Facts are Sacred is the new book by Simon Rogers, the award-wining editor of guardian.co.uk/data and a news editor on the Guardian, working with the graphics team to bring figures to life on the page. He was closely involved with the Guardian‘s ground-breaking decision to crowdsource 450,000 MP expenses records, as well as the organisation’s coverage of the Afghanistan and Iraq ‘Wikileaks’ war logs.

The book, which is available in hard cover and a very inexpensive kindle edition, describes the changing world of data journalism, touching on big data, open data and citizen hacktivism.

Simon describes the methods and approaches taken by his colleagues on the Guardian, and shows how everyone can get involved in creating, analysing and visualising data.

It is clear that in the last four years things have changed dramatically. Governments, their agencies and local authorities have all started to provide open data with varying levels of commitment, standards and approaches; but the fact that they have these limited made inroads is positive and significant and we need to press to make open data and transparent government the norm. Nor does it mean that the job is done. The challenge remains for journalists and citizens alike in contextualising the data, analysing it, checking accuracy and uncovering what the data tells us.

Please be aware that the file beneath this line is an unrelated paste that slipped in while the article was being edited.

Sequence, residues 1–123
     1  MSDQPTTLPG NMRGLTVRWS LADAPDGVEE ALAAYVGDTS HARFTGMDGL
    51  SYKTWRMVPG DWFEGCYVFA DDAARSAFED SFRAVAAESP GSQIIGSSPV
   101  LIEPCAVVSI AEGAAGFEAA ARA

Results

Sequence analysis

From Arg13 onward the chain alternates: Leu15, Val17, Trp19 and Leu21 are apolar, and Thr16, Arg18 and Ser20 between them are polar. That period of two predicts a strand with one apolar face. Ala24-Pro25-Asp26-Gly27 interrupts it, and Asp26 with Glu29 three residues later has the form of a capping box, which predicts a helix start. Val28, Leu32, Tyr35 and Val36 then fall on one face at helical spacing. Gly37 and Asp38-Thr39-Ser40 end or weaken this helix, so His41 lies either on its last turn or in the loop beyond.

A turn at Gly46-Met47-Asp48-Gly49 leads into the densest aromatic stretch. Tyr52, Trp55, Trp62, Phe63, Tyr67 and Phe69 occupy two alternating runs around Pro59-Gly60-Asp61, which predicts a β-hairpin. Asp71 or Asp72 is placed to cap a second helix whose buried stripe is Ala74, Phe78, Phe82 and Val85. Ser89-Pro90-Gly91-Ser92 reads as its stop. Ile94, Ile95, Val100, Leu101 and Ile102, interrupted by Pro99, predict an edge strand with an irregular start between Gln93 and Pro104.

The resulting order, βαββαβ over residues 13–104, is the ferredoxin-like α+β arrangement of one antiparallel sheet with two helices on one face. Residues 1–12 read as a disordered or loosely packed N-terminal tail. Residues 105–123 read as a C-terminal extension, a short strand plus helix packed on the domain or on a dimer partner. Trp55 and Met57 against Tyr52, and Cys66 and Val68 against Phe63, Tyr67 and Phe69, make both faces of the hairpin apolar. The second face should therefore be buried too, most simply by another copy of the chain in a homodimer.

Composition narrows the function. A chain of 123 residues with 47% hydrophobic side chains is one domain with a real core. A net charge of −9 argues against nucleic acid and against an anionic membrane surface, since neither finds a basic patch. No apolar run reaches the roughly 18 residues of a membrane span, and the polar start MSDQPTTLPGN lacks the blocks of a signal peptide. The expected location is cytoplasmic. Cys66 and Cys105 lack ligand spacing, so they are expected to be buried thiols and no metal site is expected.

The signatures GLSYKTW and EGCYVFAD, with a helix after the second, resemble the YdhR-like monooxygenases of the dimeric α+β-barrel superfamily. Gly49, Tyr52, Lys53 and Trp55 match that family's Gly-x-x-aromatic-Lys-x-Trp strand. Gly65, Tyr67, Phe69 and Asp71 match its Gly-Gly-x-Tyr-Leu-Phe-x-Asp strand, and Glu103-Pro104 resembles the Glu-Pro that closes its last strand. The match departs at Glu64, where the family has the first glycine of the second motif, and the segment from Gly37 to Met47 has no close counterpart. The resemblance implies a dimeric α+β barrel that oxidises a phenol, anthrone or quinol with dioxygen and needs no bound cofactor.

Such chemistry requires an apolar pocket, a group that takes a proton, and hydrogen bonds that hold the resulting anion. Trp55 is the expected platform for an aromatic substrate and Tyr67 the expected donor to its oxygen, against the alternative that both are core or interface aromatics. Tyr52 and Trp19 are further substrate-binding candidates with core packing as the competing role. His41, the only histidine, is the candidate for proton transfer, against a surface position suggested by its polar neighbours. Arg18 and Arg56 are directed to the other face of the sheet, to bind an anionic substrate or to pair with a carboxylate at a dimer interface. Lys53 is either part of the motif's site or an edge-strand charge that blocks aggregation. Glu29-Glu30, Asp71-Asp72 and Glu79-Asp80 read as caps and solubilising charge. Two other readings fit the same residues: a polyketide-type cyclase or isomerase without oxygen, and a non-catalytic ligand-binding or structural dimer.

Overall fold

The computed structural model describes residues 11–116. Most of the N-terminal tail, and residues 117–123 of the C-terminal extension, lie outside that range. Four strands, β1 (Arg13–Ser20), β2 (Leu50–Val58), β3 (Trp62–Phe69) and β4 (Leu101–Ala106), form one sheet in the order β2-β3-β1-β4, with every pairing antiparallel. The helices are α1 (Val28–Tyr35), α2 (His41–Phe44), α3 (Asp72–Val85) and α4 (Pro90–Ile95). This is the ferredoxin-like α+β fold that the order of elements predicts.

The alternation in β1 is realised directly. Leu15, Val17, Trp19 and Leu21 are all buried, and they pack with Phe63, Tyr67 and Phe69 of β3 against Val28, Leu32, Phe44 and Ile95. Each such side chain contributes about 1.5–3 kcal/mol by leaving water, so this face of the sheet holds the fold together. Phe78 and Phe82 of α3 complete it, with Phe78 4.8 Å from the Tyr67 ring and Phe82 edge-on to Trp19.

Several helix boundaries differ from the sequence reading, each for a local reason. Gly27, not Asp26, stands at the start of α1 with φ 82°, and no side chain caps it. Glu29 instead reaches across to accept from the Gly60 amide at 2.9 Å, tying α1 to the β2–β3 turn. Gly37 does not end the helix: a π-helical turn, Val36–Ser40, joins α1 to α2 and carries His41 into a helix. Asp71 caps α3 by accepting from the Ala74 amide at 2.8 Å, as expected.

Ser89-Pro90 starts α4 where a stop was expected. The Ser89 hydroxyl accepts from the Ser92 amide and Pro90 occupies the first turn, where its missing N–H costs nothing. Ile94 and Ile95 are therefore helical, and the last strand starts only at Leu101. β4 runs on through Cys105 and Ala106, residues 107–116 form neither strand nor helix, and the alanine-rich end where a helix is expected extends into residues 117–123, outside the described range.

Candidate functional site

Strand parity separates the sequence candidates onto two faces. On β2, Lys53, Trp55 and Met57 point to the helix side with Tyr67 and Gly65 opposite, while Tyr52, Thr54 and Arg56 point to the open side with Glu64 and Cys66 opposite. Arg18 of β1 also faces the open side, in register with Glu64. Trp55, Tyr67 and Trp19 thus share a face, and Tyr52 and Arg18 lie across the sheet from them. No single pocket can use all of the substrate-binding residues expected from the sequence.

That exposes a need for more, not less, citizen involvement, which itself necessitates better skills in data analysis, understanding statistics and being able to paint a picture (or at least create an infographic) with the data exposed.

Using examples from the 2011 riots, hurricane Sandy, MPs expenses, and more Rogers tells an engaging story of how the Guardian, in particular, interacted with its readers, challenged the government, used open source tools, and broke new ground in not only using data to source new stories, but also in starting to lay the foundations for live data reporting and analysis. This is something that could not have been imagined only 10 years ago, nor when CP Snow, celebrating 50 years as the Guardian’s editor, wrote in 1921 “Comment is free but facts are sacred” from which the title is drawn (let alone when the Guardian’s own first edition in 1821 carried some tabular data about Manchester schools).

This is an excellent book, which takes the pulse of data journalism as it stands in this early phase of open data. It offers us all a chance to develop our skills in data analysis and citizen journalism and reminds us that we all can hold authorities to account, and collaborate to develop further tools and crowd-sourced analysis.

Highly recomended!

Ian Watt6 May 2013

Facts Are Sacred – a review
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